The success of the United States in Southeast Asia and its "pivot" policy in the Asia-Pacific will be built on the strength of its partnerships with strategic allies. Longstanding allies such as Japan, South Korea and Australia have provided the US with strong support in the region, but to implement the "pivot" Washington needs to expand its pool of reliable strategic partners.
Vietnam has the potential to serve as one of those partners: under the current ruling Communist Party of Vietnam or a different future political regime, there always has been and always will be concern in Hanoi about the influence and intentions of its giant
northern neighbor, China.
Whether it was the Soviet Union during the Cold War or perhaps America today, Vietnam has always looked towards a great power alliance to counterbalance China. As such, Vietnam's geopolitical reality and mounting strategic concerns provide the US with a golden opportunity to bolster its position in a significant way in Southeast Asia and the wider Asia-Pacific.
Though Vietnam and China are both ruled by nominally Communist parties, these organizations are now largely divorced from ideology. The similarities end there, however. While both regimes maintain uncontested one-party rule over their respective countries, Vietnam is far from a guaranteed ally of China, evidenced by past conflicts and current maritime and territorial disputes.
For the US to capitalize on Vietnam's current "gray", neither-friend-nor-foe status, it must first resolve several concerns, including Hanoi's abysmally poor human rights record, lack of democracy, and managing China's fears of the emergence of a potential US-proxy next door.
The US cannot easily overlook Vietnam's human rights transgressions, including a mounting crackdown on political dissidents that began in 2009. However, neither can it push Vietnam's communist rulers into a corner.
The challenge for Washington is to determine how much it is willing to give up for increased access to Vietnam's markets, ports, and strategic position vis-a-vis China. Given how much the US is likely to ask - respect for the rule of law and a significant improvement in human rights - the two sides will find it difficult to strike a mutually acceptable compromise.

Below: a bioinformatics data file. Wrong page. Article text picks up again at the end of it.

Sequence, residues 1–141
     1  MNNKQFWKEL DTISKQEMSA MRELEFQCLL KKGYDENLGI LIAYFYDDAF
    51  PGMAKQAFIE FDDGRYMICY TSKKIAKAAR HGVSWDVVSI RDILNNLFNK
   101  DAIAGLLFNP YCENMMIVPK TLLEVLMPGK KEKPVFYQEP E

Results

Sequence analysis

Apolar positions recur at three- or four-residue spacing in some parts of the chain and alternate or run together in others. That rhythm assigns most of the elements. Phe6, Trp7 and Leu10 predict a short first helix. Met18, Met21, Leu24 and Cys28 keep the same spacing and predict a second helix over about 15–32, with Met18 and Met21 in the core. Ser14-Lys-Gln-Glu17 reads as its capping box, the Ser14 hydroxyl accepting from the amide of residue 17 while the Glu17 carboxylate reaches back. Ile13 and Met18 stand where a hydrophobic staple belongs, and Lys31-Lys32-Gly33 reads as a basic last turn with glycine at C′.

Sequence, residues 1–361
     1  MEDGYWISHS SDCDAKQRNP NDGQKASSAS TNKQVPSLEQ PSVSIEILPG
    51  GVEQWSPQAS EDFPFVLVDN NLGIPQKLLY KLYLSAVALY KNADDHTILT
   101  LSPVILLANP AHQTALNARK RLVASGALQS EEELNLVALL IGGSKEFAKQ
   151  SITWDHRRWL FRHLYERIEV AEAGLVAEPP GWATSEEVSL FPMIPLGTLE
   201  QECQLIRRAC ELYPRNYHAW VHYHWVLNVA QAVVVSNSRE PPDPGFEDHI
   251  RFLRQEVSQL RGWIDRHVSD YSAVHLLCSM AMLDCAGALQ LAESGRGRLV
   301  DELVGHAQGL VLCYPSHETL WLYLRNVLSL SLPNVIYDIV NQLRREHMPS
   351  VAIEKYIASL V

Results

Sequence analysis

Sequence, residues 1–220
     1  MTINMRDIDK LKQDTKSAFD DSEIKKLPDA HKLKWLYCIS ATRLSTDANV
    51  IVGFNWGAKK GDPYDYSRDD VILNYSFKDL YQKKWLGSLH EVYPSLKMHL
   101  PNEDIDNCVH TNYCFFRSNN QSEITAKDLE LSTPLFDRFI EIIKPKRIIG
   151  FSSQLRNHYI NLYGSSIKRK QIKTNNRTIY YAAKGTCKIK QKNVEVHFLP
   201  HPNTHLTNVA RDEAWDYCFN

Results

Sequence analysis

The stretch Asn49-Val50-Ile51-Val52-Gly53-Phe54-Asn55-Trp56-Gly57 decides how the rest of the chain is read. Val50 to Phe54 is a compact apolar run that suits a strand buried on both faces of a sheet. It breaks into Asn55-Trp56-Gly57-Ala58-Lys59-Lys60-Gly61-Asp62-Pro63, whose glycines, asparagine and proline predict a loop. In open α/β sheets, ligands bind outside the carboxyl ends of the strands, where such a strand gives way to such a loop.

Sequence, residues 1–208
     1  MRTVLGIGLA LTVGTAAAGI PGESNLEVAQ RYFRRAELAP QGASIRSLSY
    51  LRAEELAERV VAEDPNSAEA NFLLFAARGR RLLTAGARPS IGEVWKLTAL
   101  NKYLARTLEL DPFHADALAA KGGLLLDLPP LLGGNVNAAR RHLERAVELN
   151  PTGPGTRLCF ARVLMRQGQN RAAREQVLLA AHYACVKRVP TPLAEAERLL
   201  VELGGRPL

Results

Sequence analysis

China is also unlikely to turn a blind eye to any potential reforms in Vietnam that will threaten Beijing's level of influence in Hanoi. Vietnam and China are currently embroiled in territorial disputes over the potentially oil-and-gas rich Paracel and Spratly Islands - high-stakes rows that are both fluid and increasingly volatile.
Beijing's concerns may be assuaged by the fact that Vietnam's Communist Party leaders are unlikely to usher in any political reforms, including a loosening on political dissent, that could facilitate their eventual demise. Moreover, Beijing may rest easy in the belief that any forceful attempt by the US to effect political change in Vietnam will push the country's leaders closer to China.
For the US, Hanoi's strategic dilemma presents Washington with an opportunity to play a long game in which political reform is not immediate but eventually assured. Where power is absolute and unchecked in Vietnam, leaders are unwilling to implement changes that would result in a diminishment of their influence and control.
The US strategy in Vietnam must not only satisfy the Vietnamese leaders' sense of self-preservation but also act to improve human rights. It's a diplomatic tightrope where compromise broadly benefits the Vietnamese regime, including through desired military-to-military engagement, while at the same time weakening its control over the grass roots population.
For this to work, Washington must come to terms with the reality that human rights reform cannot come before political reform in Vietnam. To this end, the US should engage in a messaging campaign designed to politicize and organize the Vietnamese public in a way acceptable to the Communist Party. Efforts to change Vietnam should not come from outside the country's borders, for such initiatives would inevitably have diplomatic fallout. Instead, change should be promoted at the grass roots.
By shifting the struggle for human rights reform to the Vietnamese people, the US can maintain a fairly "hands free" policy towards Vietnam's leaders. Although the struggle for democratic and human rights reform has been championed by numerous Vietnamese individuals, tacit American support for the people's struggle could pave an eventual path towards real reform.